Somewhere (Blue Note)

Bill Charlap Trio

Released March 15, 2004

Grammy Nominee Best Jazz Instrumental Album 2005




New York pianist Bill Charlap is comfortable straddling musical fences. He comes from the pianistic legacy of Tommy Flanagan and Hank Jones, yet he’s comfortable mixing it up with likes of Steely Dan. Here, with bassist Peter Washington and drummer Kenny Washington (arguably the best rhythm section happening in jazz today), Charlap explores the Broadway tunes of classical composer/conductor Leonard Bernstein. Charlap’s piano lines glide over the keyboard with vocal-like fluidity, especially on the finger snapped bounce of “Cool,” the Cuban cadences of “America,” and the brush-stroked “Glitter to Be Gay.” Charlap’s reading of “Some Other Time” reveals the harmonic DNA of Bill Evans’ “Peace Piece” and “Flamenco Sketches” from Kind of Blue. “Big Stuff” rocks in rhythm with a stridish, Count Basie-type intro, which morphs into an Ahmad Jamal-like motif. Charlap’s solo performance of “Somewhere” shows that Bernstein was the intersection of the classics, American popular song, and jazz. Eugene Holley, Jr.

Track Listing:

1. Cool (Leonard Bernstein / Stephen Sondheim) 4:02

2. Lucky to Be Me (Leonard Bernstein / Betty Comden / Adolph Green) 4:49

3. It’s Love (Leonard Bernstein / Betty Comden / Adolph Green) 5:42

4. Lonely Town (Leonard Bernstein / Betty Comden / Adolph Green) 6:37

5. Jump (Leonard Bernstein / Stephen Sondheim) 2:32

6. Some Other Time (Leonard Bernstein / Betty Comden / A. Judson Green) 6:57

7. Glitter and Be Gay (Leonard Bernstein / Richard Wilbur) 7:36

8. A Quiet Girl (Leonard Bernstein / Betty Comden / Adolph Green) 1:35

9. Big Stuff (Leonard Bernstein) 5:38

10. America (Leonard Bernstein / Stephen Sondheim) 3:53

11. Ohio (Leonard Bernstein / Betty Comden / Adolph Green) 7:18

12. Somewhere (Leonard Bernstein / Stephen Sondheim) 2:58


Bill Charlap: piano

Peter Washington: bass

Kenny Washington: drums

Recorded October 15-16, 2003 The Hit Factory NYC

Produced, Recorded and Mixed by Joel Moss

Mastered by Ric Wilson

Art Direction: Burton Yount

Design: Karen Thomas

Photography by Donald Dietz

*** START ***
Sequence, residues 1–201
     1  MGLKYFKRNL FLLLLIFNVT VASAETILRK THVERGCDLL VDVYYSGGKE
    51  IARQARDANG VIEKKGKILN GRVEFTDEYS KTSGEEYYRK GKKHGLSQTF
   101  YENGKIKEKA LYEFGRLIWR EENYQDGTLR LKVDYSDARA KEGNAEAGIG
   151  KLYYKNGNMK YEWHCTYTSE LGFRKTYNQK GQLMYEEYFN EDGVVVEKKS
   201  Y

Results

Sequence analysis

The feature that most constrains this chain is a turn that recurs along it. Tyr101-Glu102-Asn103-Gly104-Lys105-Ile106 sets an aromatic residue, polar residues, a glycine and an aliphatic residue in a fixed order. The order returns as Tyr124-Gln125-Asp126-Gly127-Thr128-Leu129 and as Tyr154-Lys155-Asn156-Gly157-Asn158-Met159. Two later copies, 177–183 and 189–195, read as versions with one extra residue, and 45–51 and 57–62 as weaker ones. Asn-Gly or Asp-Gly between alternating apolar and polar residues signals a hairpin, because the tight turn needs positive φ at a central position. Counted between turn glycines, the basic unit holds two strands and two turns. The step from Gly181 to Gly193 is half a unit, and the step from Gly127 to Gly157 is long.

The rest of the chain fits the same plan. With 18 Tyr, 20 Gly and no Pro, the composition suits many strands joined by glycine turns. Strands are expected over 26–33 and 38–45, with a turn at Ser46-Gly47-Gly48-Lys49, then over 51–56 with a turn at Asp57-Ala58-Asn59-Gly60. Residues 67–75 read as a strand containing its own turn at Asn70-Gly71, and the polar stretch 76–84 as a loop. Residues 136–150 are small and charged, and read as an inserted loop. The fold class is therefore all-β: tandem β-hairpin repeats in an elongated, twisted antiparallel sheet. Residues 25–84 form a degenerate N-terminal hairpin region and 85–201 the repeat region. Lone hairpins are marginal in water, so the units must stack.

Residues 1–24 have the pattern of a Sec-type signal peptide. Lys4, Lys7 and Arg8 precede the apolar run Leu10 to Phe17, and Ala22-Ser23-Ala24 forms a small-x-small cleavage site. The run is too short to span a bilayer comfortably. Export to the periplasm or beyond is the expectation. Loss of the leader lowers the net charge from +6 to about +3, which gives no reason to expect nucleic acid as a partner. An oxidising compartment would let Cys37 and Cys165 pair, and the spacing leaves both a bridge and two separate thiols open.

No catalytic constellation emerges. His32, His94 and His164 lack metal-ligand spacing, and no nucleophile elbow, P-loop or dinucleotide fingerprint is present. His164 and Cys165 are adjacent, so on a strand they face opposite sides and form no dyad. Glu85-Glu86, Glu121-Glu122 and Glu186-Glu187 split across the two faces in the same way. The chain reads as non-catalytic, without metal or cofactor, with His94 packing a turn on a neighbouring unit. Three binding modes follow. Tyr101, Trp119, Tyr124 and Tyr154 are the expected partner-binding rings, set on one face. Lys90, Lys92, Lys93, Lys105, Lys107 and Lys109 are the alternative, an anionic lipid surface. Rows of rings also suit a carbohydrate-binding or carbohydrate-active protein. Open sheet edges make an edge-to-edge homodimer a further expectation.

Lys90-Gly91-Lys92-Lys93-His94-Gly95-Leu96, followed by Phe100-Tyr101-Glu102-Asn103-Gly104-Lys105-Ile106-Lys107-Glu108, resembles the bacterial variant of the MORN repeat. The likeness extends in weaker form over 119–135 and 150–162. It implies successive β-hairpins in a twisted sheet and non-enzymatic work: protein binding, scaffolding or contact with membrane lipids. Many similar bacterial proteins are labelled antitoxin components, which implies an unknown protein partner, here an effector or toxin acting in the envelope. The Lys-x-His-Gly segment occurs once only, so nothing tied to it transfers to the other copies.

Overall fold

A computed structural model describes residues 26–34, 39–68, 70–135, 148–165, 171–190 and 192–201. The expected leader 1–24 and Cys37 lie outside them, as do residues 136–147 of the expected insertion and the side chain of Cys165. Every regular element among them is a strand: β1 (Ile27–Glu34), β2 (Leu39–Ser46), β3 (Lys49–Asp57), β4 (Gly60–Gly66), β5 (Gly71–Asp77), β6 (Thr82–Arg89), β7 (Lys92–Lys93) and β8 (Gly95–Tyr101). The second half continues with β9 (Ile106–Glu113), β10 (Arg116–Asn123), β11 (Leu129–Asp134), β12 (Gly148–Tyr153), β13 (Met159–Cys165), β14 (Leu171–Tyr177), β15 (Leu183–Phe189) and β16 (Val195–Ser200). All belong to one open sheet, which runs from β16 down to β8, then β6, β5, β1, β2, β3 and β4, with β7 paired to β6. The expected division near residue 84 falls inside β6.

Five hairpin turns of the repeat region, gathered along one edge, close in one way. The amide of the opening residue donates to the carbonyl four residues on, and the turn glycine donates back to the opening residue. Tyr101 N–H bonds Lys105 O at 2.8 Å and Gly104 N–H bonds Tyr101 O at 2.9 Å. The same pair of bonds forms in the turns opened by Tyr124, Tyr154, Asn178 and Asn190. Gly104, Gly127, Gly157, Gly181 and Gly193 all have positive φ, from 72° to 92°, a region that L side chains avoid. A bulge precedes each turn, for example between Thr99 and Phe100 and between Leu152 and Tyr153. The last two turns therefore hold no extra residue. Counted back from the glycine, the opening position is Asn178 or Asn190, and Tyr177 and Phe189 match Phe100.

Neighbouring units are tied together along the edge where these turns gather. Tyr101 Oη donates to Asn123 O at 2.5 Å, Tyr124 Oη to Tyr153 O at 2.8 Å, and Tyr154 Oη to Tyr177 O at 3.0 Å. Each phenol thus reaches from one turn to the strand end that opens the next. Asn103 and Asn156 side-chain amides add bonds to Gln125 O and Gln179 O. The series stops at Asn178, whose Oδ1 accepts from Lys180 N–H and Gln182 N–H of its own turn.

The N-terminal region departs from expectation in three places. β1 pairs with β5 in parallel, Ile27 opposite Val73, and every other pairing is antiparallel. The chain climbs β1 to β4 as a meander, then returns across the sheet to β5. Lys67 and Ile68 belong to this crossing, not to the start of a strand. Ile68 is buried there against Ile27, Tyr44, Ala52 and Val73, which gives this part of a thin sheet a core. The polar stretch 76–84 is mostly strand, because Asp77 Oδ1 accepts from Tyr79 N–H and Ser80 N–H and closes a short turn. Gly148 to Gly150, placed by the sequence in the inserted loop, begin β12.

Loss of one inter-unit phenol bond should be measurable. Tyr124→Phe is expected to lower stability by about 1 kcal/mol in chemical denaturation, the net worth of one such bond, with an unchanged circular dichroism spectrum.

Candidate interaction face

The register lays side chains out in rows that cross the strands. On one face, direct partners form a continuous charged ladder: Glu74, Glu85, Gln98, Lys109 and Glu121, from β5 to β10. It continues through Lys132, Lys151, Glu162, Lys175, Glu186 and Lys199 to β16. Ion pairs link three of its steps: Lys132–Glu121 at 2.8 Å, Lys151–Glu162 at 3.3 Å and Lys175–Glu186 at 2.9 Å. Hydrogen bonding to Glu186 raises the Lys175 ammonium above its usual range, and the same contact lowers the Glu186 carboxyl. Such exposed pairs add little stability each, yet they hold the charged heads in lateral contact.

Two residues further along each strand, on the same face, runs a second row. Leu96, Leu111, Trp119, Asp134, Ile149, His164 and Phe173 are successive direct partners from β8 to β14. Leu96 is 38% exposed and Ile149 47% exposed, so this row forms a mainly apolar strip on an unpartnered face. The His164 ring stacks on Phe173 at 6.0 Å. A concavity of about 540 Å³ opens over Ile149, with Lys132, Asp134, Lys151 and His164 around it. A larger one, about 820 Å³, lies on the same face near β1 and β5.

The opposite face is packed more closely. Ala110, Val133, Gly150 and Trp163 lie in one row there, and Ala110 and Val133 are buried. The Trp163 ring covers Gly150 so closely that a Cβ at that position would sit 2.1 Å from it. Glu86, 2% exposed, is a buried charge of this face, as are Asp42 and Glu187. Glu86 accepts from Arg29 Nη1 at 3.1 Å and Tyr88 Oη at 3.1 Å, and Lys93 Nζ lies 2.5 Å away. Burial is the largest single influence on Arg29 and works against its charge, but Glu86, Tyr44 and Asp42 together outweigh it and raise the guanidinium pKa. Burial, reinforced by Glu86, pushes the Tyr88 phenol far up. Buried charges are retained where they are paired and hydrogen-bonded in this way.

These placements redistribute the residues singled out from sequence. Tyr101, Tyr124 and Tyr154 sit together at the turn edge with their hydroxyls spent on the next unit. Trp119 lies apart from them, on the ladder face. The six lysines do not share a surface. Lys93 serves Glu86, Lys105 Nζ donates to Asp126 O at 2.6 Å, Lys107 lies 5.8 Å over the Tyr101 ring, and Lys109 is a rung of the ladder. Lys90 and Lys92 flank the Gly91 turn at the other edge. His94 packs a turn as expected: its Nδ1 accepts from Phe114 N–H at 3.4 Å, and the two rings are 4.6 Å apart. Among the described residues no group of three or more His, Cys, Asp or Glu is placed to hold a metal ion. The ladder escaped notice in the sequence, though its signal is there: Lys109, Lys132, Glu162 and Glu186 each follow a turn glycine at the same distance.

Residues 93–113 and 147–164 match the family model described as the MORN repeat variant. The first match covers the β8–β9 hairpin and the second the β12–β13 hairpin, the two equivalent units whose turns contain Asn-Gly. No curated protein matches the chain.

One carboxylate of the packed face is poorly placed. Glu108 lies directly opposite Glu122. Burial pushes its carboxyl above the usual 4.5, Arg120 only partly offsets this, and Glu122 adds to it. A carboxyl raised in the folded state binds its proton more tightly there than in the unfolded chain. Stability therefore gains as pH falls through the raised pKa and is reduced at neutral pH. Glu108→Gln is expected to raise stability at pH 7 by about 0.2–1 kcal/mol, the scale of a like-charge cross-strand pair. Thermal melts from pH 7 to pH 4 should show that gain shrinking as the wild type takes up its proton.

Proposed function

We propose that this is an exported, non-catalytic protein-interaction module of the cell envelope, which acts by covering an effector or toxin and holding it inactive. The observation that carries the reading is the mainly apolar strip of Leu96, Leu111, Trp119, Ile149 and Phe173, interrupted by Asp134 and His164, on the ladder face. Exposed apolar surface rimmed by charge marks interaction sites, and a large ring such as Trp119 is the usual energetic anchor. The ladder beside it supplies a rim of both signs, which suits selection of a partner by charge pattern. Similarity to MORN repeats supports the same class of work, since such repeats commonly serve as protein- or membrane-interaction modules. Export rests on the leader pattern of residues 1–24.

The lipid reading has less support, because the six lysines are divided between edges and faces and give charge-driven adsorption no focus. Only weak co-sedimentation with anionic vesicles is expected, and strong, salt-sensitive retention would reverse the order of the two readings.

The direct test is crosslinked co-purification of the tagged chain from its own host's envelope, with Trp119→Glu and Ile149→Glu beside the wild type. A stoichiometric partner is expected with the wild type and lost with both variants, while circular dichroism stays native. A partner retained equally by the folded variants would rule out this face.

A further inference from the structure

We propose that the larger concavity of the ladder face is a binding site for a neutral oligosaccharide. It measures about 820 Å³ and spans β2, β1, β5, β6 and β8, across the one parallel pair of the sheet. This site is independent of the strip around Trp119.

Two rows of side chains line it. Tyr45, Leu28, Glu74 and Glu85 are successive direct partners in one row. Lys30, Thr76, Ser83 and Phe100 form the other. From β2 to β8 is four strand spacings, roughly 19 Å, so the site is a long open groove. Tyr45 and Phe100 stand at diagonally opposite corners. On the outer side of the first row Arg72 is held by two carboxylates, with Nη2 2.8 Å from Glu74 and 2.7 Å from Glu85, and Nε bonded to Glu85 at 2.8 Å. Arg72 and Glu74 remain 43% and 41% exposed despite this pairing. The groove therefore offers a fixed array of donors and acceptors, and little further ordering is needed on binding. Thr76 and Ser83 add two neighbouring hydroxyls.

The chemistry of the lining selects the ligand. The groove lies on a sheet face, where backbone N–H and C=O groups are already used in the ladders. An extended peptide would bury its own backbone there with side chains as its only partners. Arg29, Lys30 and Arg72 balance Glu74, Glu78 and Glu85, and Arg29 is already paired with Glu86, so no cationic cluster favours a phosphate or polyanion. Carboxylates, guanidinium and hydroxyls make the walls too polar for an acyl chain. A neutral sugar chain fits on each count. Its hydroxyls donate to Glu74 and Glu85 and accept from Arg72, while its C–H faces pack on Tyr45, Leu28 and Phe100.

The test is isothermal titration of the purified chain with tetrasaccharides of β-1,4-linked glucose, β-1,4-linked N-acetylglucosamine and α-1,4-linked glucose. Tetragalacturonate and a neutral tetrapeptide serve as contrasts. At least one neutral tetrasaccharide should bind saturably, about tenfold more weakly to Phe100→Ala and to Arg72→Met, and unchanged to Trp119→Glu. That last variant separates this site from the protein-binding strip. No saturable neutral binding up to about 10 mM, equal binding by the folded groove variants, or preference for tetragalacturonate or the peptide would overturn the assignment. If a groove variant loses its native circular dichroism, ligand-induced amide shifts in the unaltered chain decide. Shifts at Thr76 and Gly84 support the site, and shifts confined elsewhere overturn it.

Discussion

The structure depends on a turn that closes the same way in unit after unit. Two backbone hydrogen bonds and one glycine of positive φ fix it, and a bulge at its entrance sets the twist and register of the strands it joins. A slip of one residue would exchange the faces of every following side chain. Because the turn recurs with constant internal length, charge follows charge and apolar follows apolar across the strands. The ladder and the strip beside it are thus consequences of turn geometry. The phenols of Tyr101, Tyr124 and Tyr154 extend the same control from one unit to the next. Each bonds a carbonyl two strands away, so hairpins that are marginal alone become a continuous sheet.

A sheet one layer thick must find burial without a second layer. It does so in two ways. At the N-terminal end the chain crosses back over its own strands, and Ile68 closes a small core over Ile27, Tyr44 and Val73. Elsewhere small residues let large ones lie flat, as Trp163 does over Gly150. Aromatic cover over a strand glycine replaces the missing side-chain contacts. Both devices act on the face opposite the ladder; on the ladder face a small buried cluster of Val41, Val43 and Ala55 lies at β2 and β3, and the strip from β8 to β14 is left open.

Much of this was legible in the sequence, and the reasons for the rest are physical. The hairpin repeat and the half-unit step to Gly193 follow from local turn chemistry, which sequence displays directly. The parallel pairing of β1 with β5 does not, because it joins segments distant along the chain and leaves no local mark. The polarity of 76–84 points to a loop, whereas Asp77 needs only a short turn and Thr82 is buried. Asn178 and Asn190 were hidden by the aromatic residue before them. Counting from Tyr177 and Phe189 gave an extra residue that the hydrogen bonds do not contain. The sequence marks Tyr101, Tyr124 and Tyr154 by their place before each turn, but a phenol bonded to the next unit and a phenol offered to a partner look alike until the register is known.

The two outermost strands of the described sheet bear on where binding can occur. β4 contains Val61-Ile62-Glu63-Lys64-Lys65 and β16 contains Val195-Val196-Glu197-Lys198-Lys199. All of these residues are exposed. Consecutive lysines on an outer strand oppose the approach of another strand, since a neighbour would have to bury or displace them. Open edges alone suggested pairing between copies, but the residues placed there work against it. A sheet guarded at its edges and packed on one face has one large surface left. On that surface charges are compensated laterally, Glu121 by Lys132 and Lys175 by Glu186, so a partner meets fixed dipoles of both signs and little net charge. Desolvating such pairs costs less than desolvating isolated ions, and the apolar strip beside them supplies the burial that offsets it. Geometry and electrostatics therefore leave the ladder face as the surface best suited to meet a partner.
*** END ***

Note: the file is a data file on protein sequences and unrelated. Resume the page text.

In 2002, Bill Charlap and his trusty trio mates, Peter and Kenny Washington (no relation), released their second Blue Note CD, a centennial tribute to the music of Hoagy Carmichael, to considerable critical acclaim. Here the trio turns its attention and remarkable talents to the music of the inimitable Leonard Bernstein, with selections from West Side StoryOn the TownWonderful TownCandide, and Fancy Free. Bernstein was no stranger to jazz, and West Side Story has previously been mined by more than a dozen jazz musicians, including Stan Kenton, Bill Barron, Marian McPartland, Oscar Peterson, Andre Previn, Buddy Rich, and Cal Tjader. 
Charlap, son of singer Sandy Stewart, who toured with Benny Goodman and the late composer Moose Charlap, who wrote much of the music for Broadway’s Peter Pan in the ‘50s, grew up to the accompaniment of show tunes, and his attraction to and love for the genre have been apparent throughout his career. Charlap’s prodigious technique allows him to play anything his muse imagines, and his creativity, lyricism, and the rapport he shares with the Washingtons, both superb jazz musicians in their own right, combine to make this one of the premier trios working today. 

The album is nicely paced, with dash and spice from the West Side Story selections (the edgy “Cool,” frenetic “Jump,” and rhythmically intoxicating “America”) interspersed with lush ballads (“Lonely Town,” “Some Other Time,” and “Somewhere”). “Lucky to Be Me” swings gently; “It’s Love” is brisk and up-tempo (listen for the “Polkadots and Moonbeams” quote); the harmonically quirky “Glitter and Be Gay” (at 7 ½ minutes, the longest selection) is pensive and poignant; “Ohio,” wry, bluesy and nostalgic; the lovely waltz “A Quiet Girl,” much too brief. The trio plays with such taste, nuance and sensitivity to Bernstein’s intent that one can almost hear the lyrics, as each selection is played. 
It’s a “piece o’ cake” to say that Somewhere is the next jewel in Bill Charlap’s crown, and to predict that this 37-year-old has as bright a future as any pianist on the jazz spectrum.

J. Robert Bragonier (All About Jazz)